Canada has two official languages of equal status: French and English. In its commitment to maintaining and increasing the use of the French language, and to ensure that French language communities prosper throughout Canada, the federal government has modified and created immigration pathways for French speakers to settle outside the province of Québec, where most Francophones in Canada reside. While many French-speaking immigrants may wish to settle in Québec, it is worth considering other provinces and territories as well, since French speakers wishing to immigrate have a great advantage over non-French-speakers.
The government has been increasing its target for French-speaking immigrants. The target of 4.4% French speakers outside of Quebec in 2023 was surpassed, and for 2024 this target will be 6%, 7% in 2025, and 8% in 2026.
In the points-based Express Entry immigration system, people who are bilingual in French and English are awarded more points. Further, those with strong French skills but basic English skills get more points than those with strong English skills but basic French skills. If you are fluent in both, you have a big advantage.
Since 2023, the federal government has also performed targeted Express Entry draws just for Francophones. Francophones are very much in demand, as the government has performed these draws more than any other draw for in-demand occupations, such as skilled trades, healthcare, STEM, transportation, and agriculture.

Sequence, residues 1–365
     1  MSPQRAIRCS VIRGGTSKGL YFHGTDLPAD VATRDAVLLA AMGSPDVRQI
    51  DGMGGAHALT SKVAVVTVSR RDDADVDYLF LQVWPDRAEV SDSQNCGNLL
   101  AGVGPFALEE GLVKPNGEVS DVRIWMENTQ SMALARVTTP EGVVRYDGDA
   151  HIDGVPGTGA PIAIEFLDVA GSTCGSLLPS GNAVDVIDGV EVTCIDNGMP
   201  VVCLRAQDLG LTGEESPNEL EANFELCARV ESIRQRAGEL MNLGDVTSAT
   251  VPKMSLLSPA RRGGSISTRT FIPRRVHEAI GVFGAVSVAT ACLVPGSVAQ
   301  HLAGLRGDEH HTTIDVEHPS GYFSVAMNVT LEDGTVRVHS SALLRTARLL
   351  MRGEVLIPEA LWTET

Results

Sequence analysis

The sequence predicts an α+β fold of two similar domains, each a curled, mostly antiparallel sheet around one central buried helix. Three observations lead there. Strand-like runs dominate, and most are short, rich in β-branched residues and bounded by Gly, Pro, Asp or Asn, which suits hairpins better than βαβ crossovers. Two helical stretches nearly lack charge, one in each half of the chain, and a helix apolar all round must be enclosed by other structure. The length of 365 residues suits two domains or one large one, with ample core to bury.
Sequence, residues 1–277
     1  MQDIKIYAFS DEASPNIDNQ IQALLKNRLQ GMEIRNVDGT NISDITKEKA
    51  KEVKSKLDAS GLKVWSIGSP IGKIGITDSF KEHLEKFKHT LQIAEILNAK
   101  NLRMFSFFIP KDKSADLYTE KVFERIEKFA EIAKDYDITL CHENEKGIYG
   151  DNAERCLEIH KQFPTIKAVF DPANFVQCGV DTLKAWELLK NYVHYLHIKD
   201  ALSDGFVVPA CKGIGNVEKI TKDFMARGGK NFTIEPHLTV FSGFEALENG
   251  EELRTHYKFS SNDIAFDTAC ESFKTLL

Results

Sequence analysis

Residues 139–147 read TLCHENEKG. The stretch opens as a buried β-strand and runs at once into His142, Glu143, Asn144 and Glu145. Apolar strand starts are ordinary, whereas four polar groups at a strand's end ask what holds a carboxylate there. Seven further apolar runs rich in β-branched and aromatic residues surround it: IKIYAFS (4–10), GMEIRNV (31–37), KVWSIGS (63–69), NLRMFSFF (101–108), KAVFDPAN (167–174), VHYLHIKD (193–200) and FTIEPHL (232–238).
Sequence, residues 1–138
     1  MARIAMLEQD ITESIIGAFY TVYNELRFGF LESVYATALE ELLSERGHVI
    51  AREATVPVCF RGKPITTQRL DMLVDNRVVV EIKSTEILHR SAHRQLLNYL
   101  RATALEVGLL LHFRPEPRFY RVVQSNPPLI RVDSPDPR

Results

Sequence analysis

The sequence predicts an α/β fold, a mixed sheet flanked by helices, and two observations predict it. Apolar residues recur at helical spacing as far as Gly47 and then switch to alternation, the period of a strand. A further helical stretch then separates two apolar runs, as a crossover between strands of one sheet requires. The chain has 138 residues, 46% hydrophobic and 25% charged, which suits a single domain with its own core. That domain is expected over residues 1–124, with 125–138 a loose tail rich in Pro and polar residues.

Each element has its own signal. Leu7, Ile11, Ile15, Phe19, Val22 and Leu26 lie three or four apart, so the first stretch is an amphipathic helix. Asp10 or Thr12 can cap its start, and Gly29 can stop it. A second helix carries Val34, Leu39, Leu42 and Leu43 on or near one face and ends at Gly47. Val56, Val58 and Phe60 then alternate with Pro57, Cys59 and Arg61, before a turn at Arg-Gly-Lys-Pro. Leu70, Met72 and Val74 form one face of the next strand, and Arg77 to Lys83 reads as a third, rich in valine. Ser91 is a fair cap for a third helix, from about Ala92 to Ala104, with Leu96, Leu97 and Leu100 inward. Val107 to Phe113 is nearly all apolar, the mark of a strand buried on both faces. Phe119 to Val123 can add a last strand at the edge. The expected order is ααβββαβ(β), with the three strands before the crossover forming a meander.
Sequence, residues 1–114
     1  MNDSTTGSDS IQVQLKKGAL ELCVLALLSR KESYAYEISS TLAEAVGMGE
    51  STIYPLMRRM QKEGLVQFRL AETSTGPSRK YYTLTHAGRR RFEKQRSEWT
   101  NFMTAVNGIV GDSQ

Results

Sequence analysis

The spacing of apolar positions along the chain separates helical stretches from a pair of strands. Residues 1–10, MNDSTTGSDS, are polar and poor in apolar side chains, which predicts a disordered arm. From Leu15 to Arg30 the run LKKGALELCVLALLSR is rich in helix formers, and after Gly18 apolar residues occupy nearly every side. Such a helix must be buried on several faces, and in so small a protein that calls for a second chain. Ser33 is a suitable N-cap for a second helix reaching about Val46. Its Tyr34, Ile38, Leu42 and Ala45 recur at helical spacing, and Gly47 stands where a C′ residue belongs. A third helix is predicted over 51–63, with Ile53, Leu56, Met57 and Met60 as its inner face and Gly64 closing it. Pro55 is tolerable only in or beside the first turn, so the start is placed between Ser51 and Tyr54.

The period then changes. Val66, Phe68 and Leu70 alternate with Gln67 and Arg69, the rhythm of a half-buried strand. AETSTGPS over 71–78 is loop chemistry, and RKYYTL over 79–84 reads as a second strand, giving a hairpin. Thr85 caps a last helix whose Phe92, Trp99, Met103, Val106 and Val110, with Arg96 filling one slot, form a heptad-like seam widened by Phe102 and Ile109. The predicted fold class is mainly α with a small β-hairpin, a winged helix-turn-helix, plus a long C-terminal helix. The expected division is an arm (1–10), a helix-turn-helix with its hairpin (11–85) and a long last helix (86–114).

Outside of Québec, almost all permanent residence programs by the provincial and territorial governments also favour Francophones. Ontario, Nova Scotia, and New Brunswick have targeted programs just for French speakers while the other provinces and territories award extra points for French speakers.
Additionally, for foreigners wishing to work or those wishing to hire workers, the Mobilité Francophone work permit is now easier to obtain than before. The language score requirement has been loosened so that those with an intermediate level of French may be eligible. A job offer is required, but now any job at any skill level outside of agriculture is eligible. Previously, only high-skilled jobs were eligible. With a Mobilité Francophone work permit, a person’s Canadian work experience can count for points towards their permanent residence, offering another pathway towards immigrating permanently to Canada.
If you would like to know more about the French immigration programs or would like to assess your or an employee’s eligibility, reach out to one of our Canadian immigration legal professionals today. We can be reached by phone (416-368-1111) or via email: email@example.com; firstname.lastname@example.org; email@example.com; firstname.lastname@example.org; email@example.com; firstname.lastname@example.org.